[BOUNDARY]     What is the difference between rigid link and rigid type elastic link ?

When defining a elastic link, under certain conditions Rigid type
Elastic link may be defined. How is it different from defining the link as
Rigid Link


Rigid link constraints geometric, relative movement of a structure, where degrees of freedom of subordinated nodes called Slave Nodes
are constraint by a particular reference node called Master Node. The relative movements of the master node and slave nodes are
such as if they are interconnected by a three dimensional rigid body. In this case, relative nodal displacements are kept constant.
While an Elastic link connects two nodes to act as an element, where the user defines its stiffness.

Rigid Type of Elastic Link and Rigid Link are similar in that both are used to simulate rigid behavior.
However, the user must be cautious in using them because their internal processes are different in the program




RIGID LINK




ELASTIC LINK



1. Rigid type Elastic Link vs Rigid Link



In case of Rigid Type Elastic Link , the element stiffness is automatically calculated based on the working model,
assigning a large stiffness value of magnitude 105~108 times the stiffness of neighboring elements.
Such exceptionally large stiffness may cause a numerical error because of the relatively large stiffness of the link element.
Therefore, when the model contains an element, which has large stiffness to replicate a rigid action,
it is recommended that Rigid Link be used rather than Rigid Type Elastic Link. Rigid Link geometrically constrains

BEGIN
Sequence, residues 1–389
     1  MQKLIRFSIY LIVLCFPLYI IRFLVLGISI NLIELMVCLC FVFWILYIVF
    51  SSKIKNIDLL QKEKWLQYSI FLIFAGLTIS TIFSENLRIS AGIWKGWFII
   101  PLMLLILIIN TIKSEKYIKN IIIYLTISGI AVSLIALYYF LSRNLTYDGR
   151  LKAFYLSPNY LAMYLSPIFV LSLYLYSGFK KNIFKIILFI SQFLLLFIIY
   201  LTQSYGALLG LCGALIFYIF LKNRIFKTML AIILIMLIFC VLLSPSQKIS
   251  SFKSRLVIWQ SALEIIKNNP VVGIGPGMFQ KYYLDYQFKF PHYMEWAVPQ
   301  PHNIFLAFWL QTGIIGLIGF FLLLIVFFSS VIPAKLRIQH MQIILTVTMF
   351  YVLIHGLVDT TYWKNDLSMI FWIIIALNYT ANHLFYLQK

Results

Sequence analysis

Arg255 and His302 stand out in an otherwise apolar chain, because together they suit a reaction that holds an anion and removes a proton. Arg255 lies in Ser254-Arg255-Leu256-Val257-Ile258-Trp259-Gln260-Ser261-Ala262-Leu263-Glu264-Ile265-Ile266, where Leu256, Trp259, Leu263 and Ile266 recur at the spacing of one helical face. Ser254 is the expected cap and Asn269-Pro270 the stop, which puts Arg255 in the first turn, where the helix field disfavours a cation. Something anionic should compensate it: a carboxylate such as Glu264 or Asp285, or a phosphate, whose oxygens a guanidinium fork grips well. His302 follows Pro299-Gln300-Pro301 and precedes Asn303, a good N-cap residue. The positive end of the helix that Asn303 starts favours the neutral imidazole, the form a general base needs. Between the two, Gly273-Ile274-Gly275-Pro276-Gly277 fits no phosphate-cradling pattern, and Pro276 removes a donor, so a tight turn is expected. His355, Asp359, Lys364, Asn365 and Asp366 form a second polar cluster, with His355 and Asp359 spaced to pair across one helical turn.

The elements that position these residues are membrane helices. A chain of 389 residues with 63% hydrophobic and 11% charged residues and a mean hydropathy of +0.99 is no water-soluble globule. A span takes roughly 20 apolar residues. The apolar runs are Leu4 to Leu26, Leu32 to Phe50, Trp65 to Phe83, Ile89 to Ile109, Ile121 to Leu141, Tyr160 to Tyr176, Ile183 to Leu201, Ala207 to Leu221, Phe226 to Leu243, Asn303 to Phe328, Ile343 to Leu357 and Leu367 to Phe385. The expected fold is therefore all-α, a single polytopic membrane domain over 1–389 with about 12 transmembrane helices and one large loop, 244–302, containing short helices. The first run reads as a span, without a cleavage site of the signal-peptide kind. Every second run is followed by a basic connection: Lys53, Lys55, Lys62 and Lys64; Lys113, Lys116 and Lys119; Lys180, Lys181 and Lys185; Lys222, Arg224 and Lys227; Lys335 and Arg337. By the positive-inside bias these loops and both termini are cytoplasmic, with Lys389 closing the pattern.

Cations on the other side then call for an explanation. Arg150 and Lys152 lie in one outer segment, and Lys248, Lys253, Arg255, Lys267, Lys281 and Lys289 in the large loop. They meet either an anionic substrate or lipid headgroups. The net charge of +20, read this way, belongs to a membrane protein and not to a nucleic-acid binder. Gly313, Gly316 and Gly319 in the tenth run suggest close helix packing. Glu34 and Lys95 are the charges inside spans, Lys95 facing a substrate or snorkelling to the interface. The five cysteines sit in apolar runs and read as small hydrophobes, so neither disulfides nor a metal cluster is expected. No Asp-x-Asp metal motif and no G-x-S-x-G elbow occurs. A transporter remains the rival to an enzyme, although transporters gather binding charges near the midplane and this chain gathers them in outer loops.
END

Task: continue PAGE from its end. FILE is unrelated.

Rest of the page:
the relative movements between the Master and Slave Nodes without being affected by large stiffness of other members.




2. Rigid Link + Support




Rigid link should never be assigned with a boundary condition.


Looking at Model 2, the support boundary condition is applied to the Master Node of Rigid Link,
which implies the support condition is also applied to the Slave Node. This should be avoided. While in Model 3,
the support condition is applied to the Slave node. Slave node is constrained by the Master node boundary condition and hence the Slave Node will be ignored.
Model 1 (Rigid Link  Elastic Link  Support), is the right way to define a boundary
condition.


3. Elastic Link + Support





Elastic Link has not been assigned boundary conditions. In such a case, the links will be considered as beam elements having the equivalent stiffness.
In order to correct this, the ends of the elastic links must be assigned proper boundary conditions or Point Spring Support.



4. Computational Time for Analysis

The figure below shows a process in which a total of 72 (6x12) d.o.f are compressed to 54 d.o.f with in the plane of the diaphragm,
depicting the behavior of a cross girder in a bridge deck.




If a degree-of-freedom of a particular slave node is constrained to a master node for the relevant degree-of-freedom,
by using "Rigid Link" relationship, all the attributes (nodal load or nodal mass) including the stiffness
component of the slave node are converted into an equivalent component of the master node.


Giving such geometric constraints reduces the number of degrees of freedom which can significantly reduce the computational time for analysis.


For instance, consider the cable stayed bridge in the figure above where ‘Rigid Link’ action is used to depict cross girder diaphragm action.
If this link is analyzed with the diaphragms modeled as Rigid type Elastic link, the number of d.o.f will increase substantially.
Each node represents 3 additional degrees of freedom. Hence in a model with large number of nodes in an analysis can result in excessive program execution time,
or it may even surpass the program capacity. It is therefore recommended that the number of degrees of
freedom be minimized as long as the accuracy of the results is not compromised.
Creation date: 6/22/2016 6:19 PM ()      Updated: 9/5/2017 9:42 AM ()
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